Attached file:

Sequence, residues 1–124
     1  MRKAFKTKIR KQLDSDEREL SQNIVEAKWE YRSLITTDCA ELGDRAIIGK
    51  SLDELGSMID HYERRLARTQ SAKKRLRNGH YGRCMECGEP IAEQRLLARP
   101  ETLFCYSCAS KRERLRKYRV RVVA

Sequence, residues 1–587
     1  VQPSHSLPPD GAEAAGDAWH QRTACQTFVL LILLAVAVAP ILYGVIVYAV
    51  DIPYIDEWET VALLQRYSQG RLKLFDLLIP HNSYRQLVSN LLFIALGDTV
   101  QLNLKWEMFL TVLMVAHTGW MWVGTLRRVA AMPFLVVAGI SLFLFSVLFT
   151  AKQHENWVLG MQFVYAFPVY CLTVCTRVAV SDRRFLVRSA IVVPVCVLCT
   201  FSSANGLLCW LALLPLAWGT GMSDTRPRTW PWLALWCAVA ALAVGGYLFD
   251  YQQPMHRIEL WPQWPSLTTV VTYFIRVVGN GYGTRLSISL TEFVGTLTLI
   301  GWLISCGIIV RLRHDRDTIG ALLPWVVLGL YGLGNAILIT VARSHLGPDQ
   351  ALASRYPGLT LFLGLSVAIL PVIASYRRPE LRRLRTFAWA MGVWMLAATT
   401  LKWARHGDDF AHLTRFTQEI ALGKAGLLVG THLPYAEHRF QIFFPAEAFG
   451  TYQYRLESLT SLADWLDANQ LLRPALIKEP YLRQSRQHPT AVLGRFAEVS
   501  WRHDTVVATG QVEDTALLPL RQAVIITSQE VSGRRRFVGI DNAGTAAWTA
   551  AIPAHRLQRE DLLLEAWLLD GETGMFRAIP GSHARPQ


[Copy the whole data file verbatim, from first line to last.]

Sequence, residues 1–124
     1  MRKAFKTKIR KQLDSDEREL SQNIVEAKWE YRSLITTDCA ELGDRAIIGK
    51  SLDELGSMID HYERRLARTQ SAKKRLRNGH YGRCMECGEP IAEQRLLARP
   101  ETLFCYSCAS KRERLRKYRV RVVA

Sequence, residues 1–587
     1  VQPSHSLPPD GAEAAGDAWH QRTACQTFVL LILLAVAVAP ILYGVIVYAV
    51  DIPYIDEWET VALLQRYSQG RLKLFDLLIP HNSYRQLVSN LLFIALGDTV
   101  QLNLKWEMFL TVLMVAHTGW MWVGTLRRVA AMPFLVVAGI SLFLFSVLFT
   151  AKQHENWVLG MQFVYAFPVY CLTVCTRVAV SDRRFLVRSA IVVPVCVLCT
   201  FSSANGLLCW LALLPLAWGT GMSDTRPRTW PWLALWCAVA ALAVGGYLFD
   251  YQQPMHRIEL WPQWPSLTTV VTYFIRVVGN GYGTRLSISL TEFVGTLTLI
   301  GWLISCGIIV RLRHDRDTIG ALLPWVVLGL YGLGNAILIT VARSHLGPDQ
   351  ALASRYPGLT LFLGLSVAIL PVIASYRRPE LRRLRTFAWA MGVWMLAATT
   401  LKWARHGDDF AHLTRFTQEI ALGKAGLLVG THLPYAEHRF QIFFPAEAFG
   451  TYQYRLESLT SLADWLDANQ LLRPALIKEP YLRQSRQHPT AVLGRFAEVS
   501  WRHDTVVATG QVEDTALLPL RQAVIITSQE VSGRRRFVGI DNAGTAAWTA
   551  AIPAHRLQRE DLLLEAWLLD GETGMFRAIP GSHARPQ